It is important that any new cost function on alignments should lead to an efficient search algorithm for optimal alignments. The line of attack is to average S1 and S2 in a certain way; an alignment can be thought of as a `fuzzy' sequence representing all possible intermediate sequences `between' S1 and S2. A good strategy is to avoid committing (strongly) to S1 or to S2 at a step (i,j) because this would introduce nuisance parameters. We also avoid introducing hidden variables because we should (ideally) integrate over all their possible values. Doing only a bounded amount of computation for each entry M[i,j] is desirable to maintain the O(n**2) time complexity of the DPA. These objectives are met if the calculation of character probabilities for S1[i] and S2[j] is not conditional on the choice of alignment from M[0,0] to M[i,j] but depends only on S1[1..i-1] and on S2[1..j-1].

Insertions and deletions are the easiest operations to deal with: At some point (i,j) in the DPA the probability of deleting S1[i] is evaluated. This is defined to be the product of P(delete) and the probability of the character S1[i] at position i in S1, i.e. P(S1[i]|S1[1..i-1]). What form the last term takes depends entirely on the compressibility of S1. Insertions are treated in a similar way:
deletion:  P(<S1[i],->) = P(delete).P(S1[i] |S1[1..i-1])
insertion: P(<-,S2[j]>) = P(insert).P(S2[j] |S2[1..j-1])

A consequence of these definitions is that insertions (and deletions) are no longer all equal. For example, in figure 3 and assuming that repeated runs are common, deletion (i) costs less than deletion (ii) because the base G is more surprising in its context. Hence, there would be a greater benefit if the G in S1 could be matched with a G in S2 than if the unmatched A at (i) could be matched.
        |||| |||| ||||
S2: ....AAAA-AAAA-AAAA....
            ^    ^
           (i)  (ii)
Figure 3: Example Insertions.

Copies and changes are a little more complex to deal with than insertions and deletions because the former involve a character from each sequence, S1[i] and S2[j], and this gives three sources of information to reconcile: (i) the fact that the characters are the same, or not, (ii) the compressibility of S1 and (iii) the compressibility of S2. The approach taken with copies is to average the predictions from S1 and from S2 of the character involved, x=S1[i]=S2[j].
copy: P(<S1[i],S2[j]> & S1[i]=S2[j]=x)
      = P(copy)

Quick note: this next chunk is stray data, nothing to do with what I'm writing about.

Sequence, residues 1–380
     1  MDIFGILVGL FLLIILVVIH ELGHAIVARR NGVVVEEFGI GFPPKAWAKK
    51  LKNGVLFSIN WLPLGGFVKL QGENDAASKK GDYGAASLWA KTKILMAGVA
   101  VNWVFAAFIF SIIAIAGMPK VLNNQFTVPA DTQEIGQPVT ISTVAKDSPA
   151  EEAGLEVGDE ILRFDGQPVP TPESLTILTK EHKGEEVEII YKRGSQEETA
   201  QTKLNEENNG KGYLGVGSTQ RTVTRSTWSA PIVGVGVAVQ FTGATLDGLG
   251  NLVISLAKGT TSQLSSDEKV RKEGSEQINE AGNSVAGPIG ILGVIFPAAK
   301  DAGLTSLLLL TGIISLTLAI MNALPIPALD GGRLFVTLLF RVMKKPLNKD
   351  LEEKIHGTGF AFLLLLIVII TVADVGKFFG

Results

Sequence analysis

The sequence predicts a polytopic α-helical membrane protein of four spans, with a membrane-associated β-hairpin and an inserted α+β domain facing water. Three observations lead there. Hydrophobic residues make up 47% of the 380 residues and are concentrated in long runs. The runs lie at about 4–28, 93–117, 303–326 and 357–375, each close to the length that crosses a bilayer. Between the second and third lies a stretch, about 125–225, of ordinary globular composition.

For example in figure 4, the effect is to place more emphasis on the prediction from S2 for copy (i), and more emphasis on S1 for copy (ii), assuming that runs of repeats are common.
            |            |
            ^            ^
           (i)          (ii)
Figure 4: Example Copies/ Matches.

Changes are treated in a similar way to copies, complicated by the fact that S1[i] and S2[j] differ. Briefly, the prediction of x=S1[i] from S1 is multiplied by that of y=S2[j] from S2 after the latter has been renormalised, because y cannot not equal x, and this is averaged with the mirror calculation that swaps S1 and S2:
   P(<S1[i],S2[j]> & S1[i]=x & S2[j]=y)  where x~=y

   = P(change)
     .( P(S1[i]=x|S1[1..i-1]).P(S2[j]=y|S2[1..j-1])
        / (1-P(S2[j]=x|S2[1..j-1]))
      + P(S2[j]=y|S2[1..j-1]).P(S1[i]=x|S1[1..i-1])
        / (1-P(S1[i]=y|S1[1..i-1])) )/2

   = P(change).P(S1[i]=x|S1[1..i-1]).P(S2[j]=y|S2[1..j-1])
     .( 1/(1-P(S1[i]=y|S1[1..i-1]))
      + 1/(1-P(S2[j]=x|S2[1..j-1])) )/2
A result of this treatment is, for example, that the change in figure 5 is mainly, but not totally, treated as a case of S2 having an `anomaly' (C) (as always, assuming that repeated runs are common).
S1: ....AAAAA...
        || ||
S2: ....AACAA...
Figure 5: Example Change/ Mismatch.

There may be other reasonable ways of combining the predictions of character values from S1 and from S2 but the above method is symmetrical with respect to S1 and S2 and it meets the requirement of M[i,j] only depending on S1[1..i-1] and S2[1..j-1], not on a choice of alignment to M[i,j], and thus leads to an O(n**2) time DPA. The basic algorithm uses O(n**2) space for M[,] but Hirschberg's (1975) technique can be used to reduce this to O(n) space while maintaining the O(n**2) time complexity. Linear gap costs and other gap costs can clearly be given the same treatment as the point mutations above.


The modified DPA described above only requires a method of obtaining the probability of each character value occurring at each position of sequences S1 and S2:
P(S1[i]=x|S1[1..i-1]), i=1..|S1| and
P(S2[j]=y|S2[1..j-1]), j=1..|S2|
where x and y range over the alphabet.

Many statistical models of sequences and most data compression algorithms, for example order-k Markov Models and the well-known Lempel-Ziv (1976) model, can easily be adapted to deliver such probabilities. The probabilities can be obtained in a preliminary pass over S1 and one over S2 and stored for later use by the DPA. The passes also give the information content of S1&S2 under the null hypothesis. Since the DPA has O(n**2) time complexity, the passes can take up to a similar amount of time without worsening the overall complexity.


Figure 6 shows an example first-order Markov model, MMg, that was used to generate AT-rich artificial DNA sequences; this is not meant to imply that it is a model of real DNA.
MMg:        A    C    G    T
          +------------------- P(S[i]|S[i-1])
        A |1/12 1/12 1/12 9/12
        C |9/20 1/20 1/20 9/20
S[i-1]    |
        G |9/20 1/20 1/20 9/20
        T |9/12 1/12 1/12 1/12